News: The New And Improved Omega Speedmaster Professional Moonwatch
2021’s first big release in 5…4…3…2…1: introducing the new Omega Speedmaster Professional Moonwatch—the watch we have come to love, now with a face-lift and a shiny new movement, the Co-Axial Caliber 3861.
The changes to the new Speedmaster cosmetically are not very big—as you would expect. So, much like the Submariner launched in 2020, the new Speedmaster has a new movement, bracelet, and slight alterations to the dial; but where they differ is that unlike the Rolex, the changes to the Speedmaster are somewhat easier to spot.
The changes in material and colourway—again, like the Submariner—are still the easiest way to tell the old and new Speedmaster models apart—especially on the precious metal variants. At the time of release, there are currently two precious metal Speedmaster 3861s available. One in 18k Canopus gold with a white dial, and an 18k Sedna gold model with a black dial. But don’t worry, you can still get the black dial/steel combo; in fact, you can get three of them. There is a Hesalite version, one with sapphire, and one that comes on just a fabric strap if you want to save some pennies.
The Omega Speedmaster was first introduced in 1957
“But didn’t you say the changes were somewhat easier to spot than the Submariner?” I hear you say. I did, yes. You might need to put your glasses on and bring the Submariner models closer to your face to tell the difference—if you are talking about anything other than its colour—but that isn’t the case with the new Speedmaster—just look at that bracelet. A noticeably smaller, five linked bracelet fitted with a stripped satin-finished clasp embossed with a polished Omega logo—a pretty smart-looking addition to the watch if you ask me.
Upon further inspection, you might also notice the stepped dial as well as the dot over 90 on the bezel—these are both nods to classic Speedmaster designs. All these subtle aesthetic changes are very nice, don’t get me wrong, but now that the old Caliber 1861 is discontinued, what is the movement replacing it like?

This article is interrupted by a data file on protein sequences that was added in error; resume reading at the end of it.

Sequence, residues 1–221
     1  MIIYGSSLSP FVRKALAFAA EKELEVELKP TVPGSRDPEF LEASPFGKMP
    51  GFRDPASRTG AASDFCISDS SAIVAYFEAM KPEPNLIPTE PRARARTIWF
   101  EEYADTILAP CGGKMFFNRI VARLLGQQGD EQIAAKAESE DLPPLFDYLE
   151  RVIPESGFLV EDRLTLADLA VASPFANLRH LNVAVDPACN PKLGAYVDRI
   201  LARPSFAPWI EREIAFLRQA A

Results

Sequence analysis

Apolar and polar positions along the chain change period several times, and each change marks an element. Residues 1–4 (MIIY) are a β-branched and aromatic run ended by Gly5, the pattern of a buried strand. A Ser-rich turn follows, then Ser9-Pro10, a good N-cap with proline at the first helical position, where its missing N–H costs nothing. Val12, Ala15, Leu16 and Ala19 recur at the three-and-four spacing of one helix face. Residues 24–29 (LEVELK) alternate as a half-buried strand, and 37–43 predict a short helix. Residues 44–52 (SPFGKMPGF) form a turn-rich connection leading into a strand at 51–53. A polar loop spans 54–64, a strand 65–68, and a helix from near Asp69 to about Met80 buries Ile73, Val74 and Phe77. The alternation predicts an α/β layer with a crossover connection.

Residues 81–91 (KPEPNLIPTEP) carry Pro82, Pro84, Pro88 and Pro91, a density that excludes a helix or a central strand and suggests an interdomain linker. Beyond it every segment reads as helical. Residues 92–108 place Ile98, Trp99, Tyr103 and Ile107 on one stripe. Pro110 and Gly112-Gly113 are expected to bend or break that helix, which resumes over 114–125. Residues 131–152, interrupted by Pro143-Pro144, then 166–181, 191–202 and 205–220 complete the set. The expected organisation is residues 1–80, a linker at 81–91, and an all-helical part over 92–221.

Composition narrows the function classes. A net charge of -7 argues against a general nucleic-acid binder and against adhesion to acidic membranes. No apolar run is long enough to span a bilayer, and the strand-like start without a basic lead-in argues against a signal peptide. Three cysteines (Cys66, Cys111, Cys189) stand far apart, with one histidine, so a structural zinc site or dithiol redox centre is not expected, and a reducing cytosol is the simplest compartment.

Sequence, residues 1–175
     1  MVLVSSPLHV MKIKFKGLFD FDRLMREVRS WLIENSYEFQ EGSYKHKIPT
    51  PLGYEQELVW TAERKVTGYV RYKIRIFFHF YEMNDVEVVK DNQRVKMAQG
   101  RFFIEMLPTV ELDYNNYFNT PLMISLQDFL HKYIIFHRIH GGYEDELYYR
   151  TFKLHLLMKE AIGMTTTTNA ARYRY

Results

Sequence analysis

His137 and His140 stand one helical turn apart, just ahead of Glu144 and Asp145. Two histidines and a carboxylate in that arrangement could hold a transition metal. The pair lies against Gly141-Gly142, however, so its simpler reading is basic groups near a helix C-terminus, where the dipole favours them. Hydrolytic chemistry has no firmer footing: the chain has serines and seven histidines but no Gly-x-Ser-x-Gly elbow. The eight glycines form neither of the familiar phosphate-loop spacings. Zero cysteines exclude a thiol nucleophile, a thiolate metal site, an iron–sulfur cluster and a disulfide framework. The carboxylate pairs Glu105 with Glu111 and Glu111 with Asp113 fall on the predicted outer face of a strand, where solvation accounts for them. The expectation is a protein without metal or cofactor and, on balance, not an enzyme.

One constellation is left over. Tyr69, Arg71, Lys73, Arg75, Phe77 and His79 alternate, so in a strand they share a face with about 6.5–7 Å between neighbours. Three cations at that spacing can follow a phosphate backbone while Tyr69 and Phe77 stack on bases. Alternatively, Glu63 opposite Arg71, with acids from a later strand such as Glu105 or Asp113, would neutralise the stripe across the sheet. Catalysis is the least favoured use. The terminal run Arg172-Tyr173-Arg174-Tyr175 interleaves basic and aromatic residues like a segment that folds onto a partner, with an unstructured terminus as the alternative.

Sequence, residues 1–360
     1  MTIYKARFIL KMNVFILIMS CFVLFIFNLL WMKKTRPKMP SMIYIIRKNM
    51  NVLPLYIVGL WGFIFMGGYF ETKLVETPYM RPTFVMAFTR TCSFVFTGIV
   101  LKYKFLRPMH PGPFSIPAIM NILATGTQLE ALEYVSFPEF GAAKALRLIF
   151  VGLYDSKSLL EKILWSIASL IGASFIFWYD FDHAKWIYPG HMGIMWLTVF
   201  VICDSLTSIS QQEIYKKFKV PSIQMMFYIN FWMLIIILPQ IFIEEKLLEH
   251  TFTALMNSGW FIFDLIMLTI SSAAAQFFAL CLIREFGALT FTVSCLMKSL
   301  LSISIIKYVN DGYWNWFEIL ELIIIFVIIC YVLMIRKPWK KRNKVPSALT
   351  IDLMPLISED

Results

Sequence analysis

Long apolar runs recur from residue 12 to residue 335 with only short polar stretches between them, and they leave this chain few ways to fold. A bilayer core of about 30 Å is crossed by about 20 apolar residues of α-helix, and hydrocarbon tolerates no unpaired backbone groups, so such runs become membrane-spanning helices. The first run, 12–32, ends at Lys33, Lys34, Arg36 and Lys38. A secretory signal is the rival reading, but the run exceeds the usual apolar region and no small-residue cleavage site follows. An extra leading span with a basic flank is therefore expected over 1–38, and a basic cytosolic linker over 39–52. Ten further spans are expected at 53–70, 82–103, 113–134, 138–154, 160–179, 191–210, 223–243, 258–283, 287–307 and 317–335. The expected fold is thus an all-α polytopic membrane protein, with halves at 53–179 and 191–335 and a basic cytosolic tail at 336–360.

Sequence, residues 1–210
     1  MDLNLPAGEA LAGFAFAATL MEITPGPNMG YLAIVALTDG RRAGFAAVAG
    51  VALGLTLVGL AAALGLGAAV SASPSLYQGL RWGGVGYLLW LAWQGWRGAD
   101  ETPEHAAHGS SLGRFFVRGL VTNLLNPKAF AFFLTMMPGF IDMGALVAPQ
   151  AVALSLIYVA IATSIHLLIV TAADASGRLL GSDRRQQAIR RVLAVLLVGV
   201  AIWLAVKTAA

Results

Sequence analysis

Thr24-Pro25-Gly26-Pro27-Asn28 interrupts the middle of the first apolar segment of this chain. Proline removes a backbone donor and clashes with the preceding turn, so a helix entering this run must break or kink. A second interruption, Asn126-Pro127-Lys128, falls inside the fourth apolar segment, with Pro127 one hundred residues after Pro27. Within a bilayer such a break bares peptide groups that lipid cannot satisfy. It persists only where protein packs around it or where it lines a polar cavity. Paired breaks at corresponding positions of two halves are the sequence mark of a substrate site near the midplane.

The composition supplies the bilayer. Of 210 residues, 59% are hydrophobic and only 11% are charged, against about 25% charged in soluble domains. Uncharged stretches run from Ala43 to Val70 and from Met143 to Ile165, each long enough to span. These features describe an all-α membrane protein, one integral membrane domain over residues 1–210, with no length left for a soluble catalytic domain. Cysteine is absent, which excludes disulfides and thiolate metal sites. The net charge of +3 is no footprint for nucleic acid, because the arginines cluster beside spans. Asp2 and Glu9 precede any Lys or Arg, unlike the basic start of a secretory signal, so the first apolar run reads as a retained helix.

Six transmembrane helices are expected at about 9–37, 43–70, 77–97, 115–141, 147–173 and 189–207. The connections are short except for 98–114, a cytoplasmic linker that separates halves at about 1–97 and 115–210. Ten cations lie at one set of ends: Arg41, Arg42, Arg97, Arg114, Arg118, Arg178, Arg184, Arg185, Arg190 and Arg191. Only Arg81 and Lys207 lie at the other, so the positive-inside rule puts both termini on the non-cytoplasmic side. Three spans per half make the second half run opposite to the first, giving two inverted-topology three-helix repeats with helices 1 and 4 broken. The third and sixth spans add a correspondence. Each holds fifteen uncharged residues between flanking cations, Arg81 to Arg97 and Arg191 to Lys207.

Well, better, to put it bluntly. The Co-Axial Caliber 3861—seen powering the Apollo 11 and Snoopy 2020 anniversary watches—is a welcome evolution to the Caliber 1861 that worked away all those years. The 3861 has a 50-hour power reserve—two more hours than the previous version—features silicon parts—which means service intervals are longer—and introduces hacking seconds, a first ever for the entire Speedmaster series, would you believe.
The Omega Speedmaster is still the only watch rated for EVA (extravehicular activities)
I know these changes don't sound all that substantial, but they will benefit the user—who wouldn’t want their watch to last longer and to spend less on servicing?—and besides, that isn't the most substantial difference; that would be the addition of the Co-Axial escapement. Adding the Co-Axial escapement with its silicon balance spring means that the 3861 is not only incredibly accurate—achieving Master Chronometer specification—but is also more resistant to shock, temperature changes, and magnetic fields. Those are the big changes to the new Speedmaster’s Caliber 3861. Changes that, oh, I don’t know, might be of huge significance to somebody on a space mission?
Because at the end of the day, that’s what this watch is: a watch to be worn by those in space. But if for some reason you didn’t already know that, this Speedmaster—like others before it—features the engraving: “Flight Qualified By NASA in 1965 For All Manned Space Missions” on its caseback.
So, there you have it, the new Omega Speedmaster. It’s still every bit the Speedmaster we knew, but now it’s even better. Longer lasting, more durable, even more accurate—what’s there not to like?
The new Omega Speedmaster Professional Moonwatch Master Chronometer With Co-Axial Caliber 3861 starts at £5,370 in steel on a bracelet
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